Can cats swim in water?
By now, we know they can climb up walls, run like a lion, pounce on you from unexpected locations, and eat like no tomorrow. But, the question that stumps them all is “can cats swim?”
We all have put our cats in a bath at one point with a usually negative reaction. Cats and water aren’t exactly the best of friends.
We’ve all seen our fair share of the mayhem on the internet of cats and water, but the elusive question, “can cats swim” remains unanswered.
The history of swimming cats
Good news is, we have an answer to the enigmatic “can cats swim” question with a simple answer: yes! And here’s the stunning thing – they’re good at swimming. So good, in fact, that the ancient Egyptians relied on cats for fishing and hunting.
Yes, the same cats that are complete wimps when it comes to a single droplet of water. Cats used to be wild, hardy creatures that fared the temperate bane of their harsh environments. They were so nimble and skilled that earned cats the place as a God in Egyptian society. They were that cool.
In comparison, our cats today seem to be a dichotomy from the creatures that were once revered as Gods in their hieroglyphics. They’ve since turned fat, lazy, slow, and moody. They never seem to want to do anything productive in their life, but break the internet.
Although cats have changed, you have to remember that cats and lions share 95.6% of DNA. This means that cats have a lot of similar abilities, swimming being an ability they both share.
This ability can be found in cats today. Breeds like the Turkish Van breed swim regularly. They are renowned worldwide for this talent and have been nicknamed the “swimming cat.”
Turkish Van breeds aren’t the only ones. There are many other ‘swimming breeds’ as well like the:
- Turkish Angora
- Maine Coon
- American Bobtail
And so much more! The key to their success is the continual exposure to water as kittens, but that doesn’t mean they can’t be aversive to water.
Cats hate water
Most domestic cats hate water. They hate water so much that they will go to virtually any depth to not get in it. This is due – as scientists believe – to early domestication, as we’ve cuddled up our furry balls for too long without any exposure to nature.
As a result, cats loathe water and associate it with negative experiences, uncomfortable feelings – as wet fur weighs down on cats – and remain content being outside of water.
Cats don’t fear water
By now, we’ve established cats not only can swim, but have a good history of it. So, how did cats suddenly go from hydrophilic to hydrophobic? Although cats hate water, they by no means fear it.
Just like humans, cats will swim like Phelps if their life counted on it. This can be seen in real time with wildcats. Wildcats – cats that haven’t been domesticated – love to take a quick dip in the pool to cool down. Matter of fact, they love it so much that the Asian fishing cat has webbed feet to help it swim faster!
The Van Cat Case
You are probably thinking, “swimming is only for certain breeds, not my furry little ball.” Your premise may be right, but it couldn’t be further from the truth. This is where the Van Cat case comes into the picture to dispel the myth.
We know by now that the Turkish Van breed is a swimming breed and are dubbed the “swimming cat.” The breed those cats are named after are the Van cats, which are found swimming regularly in Lake Van.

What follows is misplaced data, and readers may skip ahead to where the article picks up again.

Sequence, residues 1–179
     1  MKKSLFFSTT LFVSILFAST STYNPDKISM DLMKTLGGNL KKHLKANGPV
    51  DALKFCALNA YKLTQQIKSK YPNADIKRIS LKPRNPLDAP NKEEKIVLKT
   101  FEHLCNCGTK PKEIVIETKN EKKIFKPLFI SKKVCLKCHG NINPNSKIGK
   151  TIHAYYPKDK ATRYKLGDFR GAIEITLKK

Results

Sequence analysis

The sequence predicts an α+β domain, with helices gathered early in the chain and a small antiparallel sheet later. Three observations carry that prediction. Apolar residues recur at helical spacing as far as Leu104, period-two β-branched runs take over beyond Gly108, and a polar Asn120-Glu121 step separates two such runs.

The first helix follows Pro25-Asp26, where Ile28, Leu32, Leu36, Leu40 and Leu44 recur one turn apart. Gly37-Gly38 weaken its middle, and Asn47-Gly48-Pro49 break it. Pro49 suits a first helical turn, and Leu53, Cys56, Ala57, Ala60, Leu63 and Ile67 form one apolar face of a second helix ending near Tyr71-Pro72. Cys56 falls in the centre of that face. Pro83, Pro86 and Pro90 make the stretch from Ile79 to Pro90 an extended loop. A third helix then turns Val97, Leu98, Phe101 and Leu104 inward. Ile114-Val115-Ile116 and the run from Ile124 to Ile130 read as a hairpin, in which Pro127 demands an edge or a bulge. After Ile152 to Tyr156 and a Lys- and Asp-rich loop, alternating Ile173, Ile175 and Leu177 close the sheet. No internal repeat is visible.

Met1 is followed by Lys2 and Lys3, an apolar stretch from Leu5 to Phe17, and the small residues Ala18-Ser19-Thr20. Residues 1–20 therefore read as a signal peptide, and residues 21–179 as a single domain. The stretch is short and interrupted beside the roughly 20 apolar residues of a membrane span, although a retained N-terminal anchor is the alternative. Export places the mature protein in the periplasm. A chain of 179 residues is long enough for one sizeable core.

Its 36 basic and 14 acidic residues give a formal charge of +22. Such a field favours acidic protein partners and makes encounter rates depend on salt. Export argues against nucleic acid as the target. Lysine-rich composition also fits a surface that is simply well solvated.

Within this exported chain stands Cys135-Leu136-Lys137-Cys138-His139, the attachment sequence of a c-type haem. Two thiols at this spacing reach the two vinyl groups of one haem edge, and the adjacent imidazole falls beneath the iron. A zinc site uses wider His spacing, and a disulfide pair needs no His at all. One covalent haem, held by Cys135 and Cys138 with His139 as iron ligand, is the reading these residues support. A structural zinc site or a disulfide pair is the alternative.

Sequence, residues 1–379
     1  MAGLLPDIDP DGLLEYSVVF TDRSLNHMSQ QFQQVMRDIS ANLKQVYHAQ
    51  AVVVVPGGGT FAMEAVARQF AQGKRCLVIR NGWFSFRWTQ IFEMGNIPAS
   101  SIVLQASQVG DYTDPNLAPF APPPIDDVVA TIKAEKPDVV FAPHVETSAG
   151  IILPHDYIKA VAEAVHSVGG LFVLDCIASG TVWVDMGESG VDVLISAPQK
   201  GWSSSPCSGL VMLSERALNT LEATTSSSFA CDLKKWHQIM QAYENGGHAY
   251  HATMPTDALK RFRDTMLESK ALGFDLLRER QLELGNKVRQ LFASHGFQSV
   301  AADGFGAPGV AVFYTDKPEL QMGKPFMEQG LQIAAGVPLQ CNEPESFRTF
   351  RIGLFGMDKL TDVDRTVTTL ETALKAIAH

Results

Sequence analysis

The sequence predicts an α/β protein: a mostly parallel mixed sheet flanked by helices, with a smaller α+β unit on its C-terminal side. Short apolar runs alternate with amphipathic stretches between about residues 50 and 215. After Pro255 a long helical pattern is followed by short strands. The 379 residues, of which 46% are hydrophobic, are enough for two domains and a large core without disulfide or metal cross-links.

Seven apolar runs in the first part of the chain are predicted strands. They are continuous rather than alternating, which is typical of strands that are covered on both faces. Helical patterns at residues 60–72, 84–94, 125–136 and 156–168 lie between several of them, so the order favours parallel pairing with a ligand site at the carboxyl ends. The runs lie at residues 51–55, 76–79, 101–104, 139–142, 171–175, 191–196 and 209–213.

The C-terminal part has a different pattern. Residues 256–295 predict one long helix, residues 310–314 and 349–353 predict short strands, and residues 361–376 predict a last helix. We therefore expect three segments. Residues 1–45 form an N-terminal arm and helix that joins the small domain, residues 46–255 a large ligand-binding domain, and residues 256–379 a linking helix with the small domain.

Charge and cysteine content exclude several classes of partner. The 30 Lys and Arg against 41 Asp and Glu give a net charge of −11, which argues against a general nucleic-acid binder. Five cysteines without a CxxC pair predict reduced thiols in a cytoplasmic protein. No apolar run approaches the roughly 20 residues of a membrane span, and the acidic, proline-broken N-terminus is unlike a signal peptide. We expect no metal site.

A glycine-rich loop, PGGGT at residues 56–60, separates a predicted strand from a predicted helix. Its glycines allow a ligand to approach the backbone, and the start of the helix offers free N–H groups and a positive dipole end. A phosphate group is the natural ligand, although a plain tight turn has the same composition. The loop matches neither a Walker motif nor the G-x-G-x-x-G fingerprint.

In the 1950s, two British women – Laura Lushington and Sonia Halliday – visited Turkey and took home four cats. They called the breed of cats they took home the “Turkish Van Breed.” Soon, everyone attributed those cats with cats that love water.
But here’s where the story takes a wrong turn: the cats weren’t actually Van cats. Matter of fact, those cats didn’t even dip a toe in Lake Van. They were normal cats!
The reason they’ve become water-loving cats is because of the mere belief they’re Van cats. As a result, owners give their cats plenty of exposure to the water when they’re baby kittens.
This has helped affirm the façade of the swimming cat, and as a result nobody noticed! Hence, why they’re called ‘swimming cat.’
Teach your cat how to swim
What does this mean for us? That means we’ve found our answer to the question of, “can cats swim” along with a clear guide on how to turn that into a reality. Your cat can swim, and this is best tips on how to achieve it:
- Start when they’re small. Kittens that are bathed will tolerate water more when they age.
- Acclimatize your Kitten. Put her in your sink with a few toys a few weeks before you bath them.
- Encourage your cat. Work slow, talk gently, reward your cat often, and treat them with love while they’re training. You want them to associate the water with love.
- Test them out. Put your cat out to the test while you’re on their side. Slow and easy and only release them when you’re 100% sure they can swim on your own.
Tada! Your cat can now swim! Can we expect your cat to become the next Michael Phelps of cats? Who knows, but if they do cite this article as a source of your success!
Not only have we answered the elusive question of, “can cats swim,” their histories, along with tips on how to turn your cats into Michael Phelps! It’s now time to buy your cat a mini swim suit and start to get your cat acquainted with the water.
Over time, your cat will slowly become fascinated with water and soon love it so much that they may start fishing for you. By then, you’ll have found the inner-lion hiding within your cat all along!